Having returned to the Vera series with Silent Voices after far too long a break I welcomed this unattractive, blunt and uncompromising woman into my life not in any small part due to her brilliant detection skills.
The victim in this book is a social worker, found dead in a sauna by our very own Vera, yes an unlikely habitat for our steely detective, but even Vera realises she is mortal and had taken the advice to get some exercise and swimming appealed the most.
Vera is very much hoping that Jenny Lister died of natural causes but it isn’t to be and I chuckled to watch her brazen it out to her colleagues who were called to the scene to investigate the murder, not that they’d let even the merest whisper of surprise escape their lips in front of the formidable Detective Inspector.
Ann Cleeves gives us a puzzle with plenty of suspects, nearly everyone who appears could be viewed with suspicion, whilst managing to be thoroughly entertaining at the same time. With characters to become involved with, not least Vera’s sidekick, Joe Ashworth who finds Vera’s demands are in direct conflict with those of his wife during the course of this book this really does fit the bill as a modern police procedural. The sub-genre is one where I firmly believe the key investigator, in this instance Vera, needs to move the investigation along, despite real-life, this isn’t really a team sport and certainly not easy when the clues seem to point in different directions. Vera is the power behind the investigation without relegating her colleagues to idiots, they are just don’t shine quite as brightly as she does! The other secret of a success in this genre is to ensure the reader is invested in the investigation and the asides to the rest of the team are inserted just often enough to make sure that everything is explained well without ever entering that dangerous whiff of being patronising.
I like my crime books to have some humour and Vera’s very dry variety fits the backdrop of murder incredibly well with the perspective changing from third person to first so that we ‘hear’ Vera’s opinions in the raw so to speak, as well as watch others jump to attention to do her bidding, she really is an imposing character. I’m also a fan of probing the stories behind the headlines and at the time of publication of Silent Voices, there were lots of stories in the UK papers about Social Workers and their perceived failings. The author is thereby allowing the readers to feel they had their finger on the pulse of the debate whilst also encouraging a look at the issues from a number of viewpoints, not distilled into a bald headline which can’t ever take in the complexities of the whole issue.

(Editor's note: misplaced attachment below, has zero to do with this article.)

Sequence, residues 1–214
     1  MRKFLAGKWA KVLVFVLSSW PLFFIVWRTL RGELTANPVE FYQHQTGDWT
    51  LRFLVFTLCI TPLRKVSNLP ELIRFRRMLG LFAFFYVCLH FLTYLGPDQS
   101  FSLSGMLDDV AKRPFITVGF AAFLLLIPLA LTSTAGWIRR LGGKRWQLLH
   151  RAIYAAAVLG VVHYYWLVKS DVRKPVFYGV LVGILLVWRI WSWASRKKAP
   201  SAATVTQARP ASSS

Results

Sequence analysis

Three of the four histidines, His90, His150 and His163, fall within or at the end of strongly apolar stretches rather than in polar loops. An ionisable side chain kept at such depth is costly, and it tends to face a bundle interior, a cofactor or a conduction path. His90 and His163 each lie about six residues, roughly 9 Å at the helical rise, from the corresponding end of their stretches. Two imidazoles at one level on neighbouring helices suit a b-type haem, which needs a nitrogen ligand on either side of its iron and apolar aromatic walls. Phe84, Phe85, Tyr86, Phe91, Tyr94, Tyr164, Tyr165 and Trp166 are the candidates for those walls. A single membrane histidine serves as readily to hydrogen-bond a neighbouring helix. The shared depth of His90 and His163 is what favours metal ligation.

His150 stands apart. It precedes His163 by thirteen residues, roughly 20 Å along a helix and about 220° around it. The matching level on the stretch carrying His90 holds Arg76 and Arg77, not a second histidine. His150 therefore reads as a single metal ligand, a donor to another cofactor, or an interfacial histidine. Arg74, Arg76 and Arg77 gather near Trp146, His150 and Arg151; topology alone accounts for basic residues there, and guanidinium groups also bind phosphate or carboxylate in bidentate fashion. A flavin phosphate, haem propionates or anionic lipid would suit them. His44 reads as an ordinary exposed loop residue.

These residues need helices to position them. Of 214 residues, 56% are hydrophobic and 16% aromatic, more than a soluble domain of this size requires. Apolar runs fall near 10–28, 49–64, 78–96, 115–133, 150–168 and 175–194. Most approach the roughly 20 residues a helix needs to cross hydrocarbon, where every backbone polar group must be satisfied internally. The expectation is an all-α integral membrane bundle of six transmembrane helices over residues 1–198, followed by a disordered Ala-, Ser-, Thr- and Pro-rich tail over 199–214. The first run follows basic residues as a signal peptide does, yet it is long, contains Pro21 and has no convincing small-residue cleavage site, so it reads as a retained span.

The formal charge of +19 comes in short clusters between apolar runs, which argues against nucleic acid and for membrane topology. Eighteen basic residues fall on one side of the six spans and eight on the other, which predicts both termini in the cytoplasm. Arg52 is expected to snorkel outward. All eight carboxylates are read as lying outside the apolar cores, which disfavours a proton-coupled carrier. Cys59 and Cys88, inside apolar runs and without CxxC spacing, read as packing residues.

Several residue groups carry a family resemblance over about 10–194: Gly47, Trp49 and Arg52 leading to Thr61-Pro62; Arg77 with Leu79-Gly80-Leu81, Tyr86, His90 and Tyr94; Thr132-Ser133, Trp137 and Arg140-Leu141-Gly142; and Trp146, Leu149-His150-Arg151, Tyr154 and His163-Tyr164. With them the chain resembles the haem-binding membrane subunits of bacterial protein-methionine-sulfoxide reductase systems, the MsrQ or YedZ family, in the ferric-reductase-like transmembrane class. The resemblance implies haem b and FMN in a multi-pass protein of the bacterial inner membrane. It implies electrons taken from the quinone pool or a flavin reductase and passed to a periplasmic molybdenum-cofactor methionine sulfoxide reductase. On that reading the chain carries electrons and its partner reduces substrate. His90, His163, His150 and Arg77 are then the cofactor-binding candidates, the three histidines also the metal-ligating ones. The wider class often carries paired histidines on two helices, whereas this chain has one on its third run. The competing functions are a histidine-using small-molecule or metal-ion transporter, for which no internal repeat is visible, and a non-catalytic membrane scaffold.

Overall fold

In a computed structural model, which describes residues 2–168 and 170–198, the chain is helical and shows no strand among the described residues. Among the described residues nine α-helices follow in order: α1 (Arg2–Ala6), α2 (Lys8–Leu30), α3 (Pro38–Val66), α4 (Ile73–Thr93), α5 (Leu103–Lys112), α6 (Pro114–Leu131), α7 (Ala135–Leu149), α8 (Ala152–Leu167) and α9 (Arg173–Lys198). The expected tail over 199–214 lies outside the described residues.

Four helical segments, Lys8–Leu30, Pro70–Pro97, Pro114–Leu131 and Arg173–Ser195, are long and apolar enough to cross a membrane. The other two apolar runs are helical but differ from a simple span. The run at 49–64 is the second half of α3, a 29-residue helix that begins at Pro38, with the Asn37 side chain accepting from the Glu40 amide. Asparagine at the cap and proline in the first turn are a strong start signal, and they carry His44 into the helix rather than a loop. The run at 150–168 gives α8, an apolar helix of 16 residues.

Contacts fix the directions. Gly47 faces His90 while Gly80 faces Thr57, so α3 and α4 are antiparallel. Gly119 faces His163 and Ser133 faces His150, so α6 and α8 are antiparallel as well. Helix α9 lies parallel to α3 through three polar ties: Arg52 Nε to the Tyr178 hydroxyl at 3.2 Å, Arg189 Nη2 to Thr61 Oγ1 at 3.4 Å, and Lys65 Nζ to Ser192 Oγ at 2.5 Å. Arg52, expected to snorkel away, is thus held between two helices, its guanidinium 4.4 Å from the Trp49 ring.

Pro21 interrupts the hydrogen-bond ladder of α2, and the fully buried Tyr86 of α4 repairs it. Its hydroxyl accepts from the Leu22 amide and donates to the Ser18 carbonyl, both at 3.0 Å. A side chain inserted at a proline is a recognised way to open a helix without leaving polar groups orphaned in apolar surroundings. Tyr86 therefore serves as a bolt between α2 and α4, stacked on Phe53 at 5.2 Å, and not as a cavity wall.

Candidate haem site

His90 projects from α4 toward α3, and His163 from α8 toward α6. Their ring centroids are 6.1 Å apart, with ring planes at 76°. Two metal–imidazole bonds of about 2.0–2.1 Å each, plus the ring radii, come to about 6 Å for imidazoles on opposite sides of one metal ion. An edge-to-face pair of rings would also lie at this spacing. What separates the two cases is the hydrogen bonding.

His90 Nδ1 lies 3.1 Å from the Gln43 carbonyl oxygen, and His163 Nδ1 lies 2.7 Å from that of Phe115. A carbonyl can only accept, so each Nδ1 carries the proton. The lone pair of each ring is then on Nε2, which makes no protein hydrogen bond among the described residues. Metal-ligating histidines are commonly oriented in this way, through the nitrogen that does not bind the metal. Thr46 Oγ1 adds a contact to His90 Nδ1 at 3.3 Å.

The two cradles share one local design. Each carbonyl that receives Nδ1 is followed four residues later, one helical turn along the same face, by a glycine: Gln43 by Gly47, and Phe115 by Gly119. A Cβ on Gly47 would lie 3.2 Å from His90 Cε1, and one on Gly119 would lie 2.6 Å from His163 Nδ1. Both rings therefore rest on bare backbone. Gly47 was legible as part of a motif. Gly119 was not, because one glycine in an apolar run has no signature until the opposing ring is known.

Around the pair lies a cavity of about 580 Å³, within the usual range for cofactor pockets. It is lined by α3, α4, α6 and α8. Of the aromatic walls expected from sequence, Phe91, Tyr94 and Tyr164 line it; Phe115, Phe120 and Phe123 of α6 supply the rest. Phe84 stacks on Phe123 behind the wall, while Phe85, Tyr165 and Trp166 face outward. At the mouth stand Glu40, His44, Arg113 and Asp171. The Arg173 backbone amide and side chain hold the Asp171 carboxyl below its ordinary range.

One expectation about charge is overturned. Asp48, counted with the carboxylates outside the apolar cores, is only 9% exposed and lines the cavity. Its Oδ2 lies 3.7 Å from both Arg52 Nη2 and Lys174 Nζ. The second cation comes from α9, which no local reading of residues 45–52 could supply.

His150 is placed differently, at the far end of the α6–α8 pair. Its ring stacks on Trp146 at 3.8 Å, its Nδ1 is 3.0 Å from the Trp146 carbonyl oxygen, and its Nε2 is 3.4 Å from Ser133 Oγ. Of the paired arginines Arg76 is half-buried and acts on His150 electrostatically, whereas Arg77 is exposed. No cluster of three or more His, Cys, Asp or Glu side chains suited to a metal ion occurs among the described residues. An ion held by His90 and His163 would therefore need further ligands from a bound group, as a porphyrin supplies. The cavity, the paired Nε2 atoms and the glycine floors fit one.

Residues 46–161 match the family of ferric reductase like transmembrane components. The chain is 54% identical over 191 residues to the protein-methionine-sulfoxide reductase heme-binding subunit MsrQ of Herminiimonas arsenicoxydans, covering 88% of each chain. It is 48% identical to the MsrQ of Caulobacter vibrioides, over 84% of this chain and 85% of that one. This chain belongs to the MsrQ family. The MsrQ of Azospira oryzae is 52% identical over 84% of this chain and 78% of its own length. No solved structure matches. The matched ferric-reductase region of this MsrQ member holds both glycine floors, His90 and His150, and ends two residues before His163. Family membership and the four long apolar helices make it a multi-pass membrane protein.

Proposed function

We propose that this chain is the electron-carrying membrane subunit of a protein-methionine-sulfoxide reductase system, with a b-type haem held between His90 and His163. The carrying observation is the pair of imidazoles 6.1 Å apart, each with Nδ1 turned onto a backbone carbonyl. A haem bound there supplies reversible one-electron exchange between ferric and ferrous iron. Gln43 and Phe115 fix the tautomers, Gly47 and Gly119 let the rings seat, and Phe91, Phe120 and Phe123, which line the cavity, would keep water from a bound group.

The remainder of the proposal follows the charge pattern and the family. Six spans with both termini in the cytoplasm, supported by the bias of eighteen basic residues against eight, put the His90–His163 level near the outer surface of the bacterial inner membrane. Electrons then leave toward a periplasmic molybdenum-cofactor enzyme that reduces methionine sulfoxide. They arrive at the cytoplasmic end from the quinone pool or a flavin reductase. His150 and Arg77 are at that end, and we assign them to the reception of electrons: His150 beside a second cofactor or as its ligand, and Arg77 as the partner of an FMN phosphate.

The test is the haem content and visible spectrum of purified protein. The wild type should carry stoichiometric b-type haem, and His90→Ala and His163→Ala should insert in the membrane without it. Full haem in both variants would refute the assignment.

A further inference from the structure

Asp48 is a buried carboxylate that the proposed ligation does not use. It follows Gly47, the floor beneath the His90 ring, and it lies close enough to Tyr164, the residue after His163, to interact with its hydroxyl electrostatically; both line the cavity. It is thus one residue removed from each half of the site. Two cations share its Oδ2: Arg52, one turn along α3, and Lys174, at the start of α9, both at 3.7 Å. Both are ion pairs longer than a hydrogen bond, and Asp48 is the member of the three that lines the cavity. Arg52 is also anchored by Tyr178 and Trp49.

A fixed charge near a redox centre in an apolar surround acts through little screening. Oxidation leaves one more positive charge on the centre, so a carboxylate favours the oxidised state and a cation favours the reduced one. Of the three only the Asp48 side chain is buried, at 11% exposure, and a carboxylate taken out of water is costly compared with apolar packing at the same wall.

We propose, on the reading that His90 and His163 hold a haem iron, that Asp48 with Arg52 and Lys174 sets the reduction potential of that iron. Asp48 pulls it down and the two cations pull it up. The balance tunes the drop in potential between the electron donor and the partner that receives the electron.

One of the biggest draws of this particular lead character is her undisguised love of the drama of a murder investigation which really pulls the story forwards and how refreshing to have a Detective inspector who isn’t so hung up on the politics of the force that she is afraid to take risky decisions. The plot is unbelievably tangled with the reader needing to concentrate almost as much as Vera on the minutiae of information to be even within a whisker of a chance of solving the crime, and it is brilliantly executed – no saggy middle for Vera Stanhope, well not in the book although I would imagine stumbling across a dead body in the sauna is probably gives her just the excuse she wants to hang up her swimsuit!
I was delighted to read Silent Voices as my twenty-fifth read in the Mount TBR challenge, especially as I realised that I originally purchased this book way back in May 2012! The bonus is that I am lagging behind having just read number four in the series so have four more to enjoy to catch up!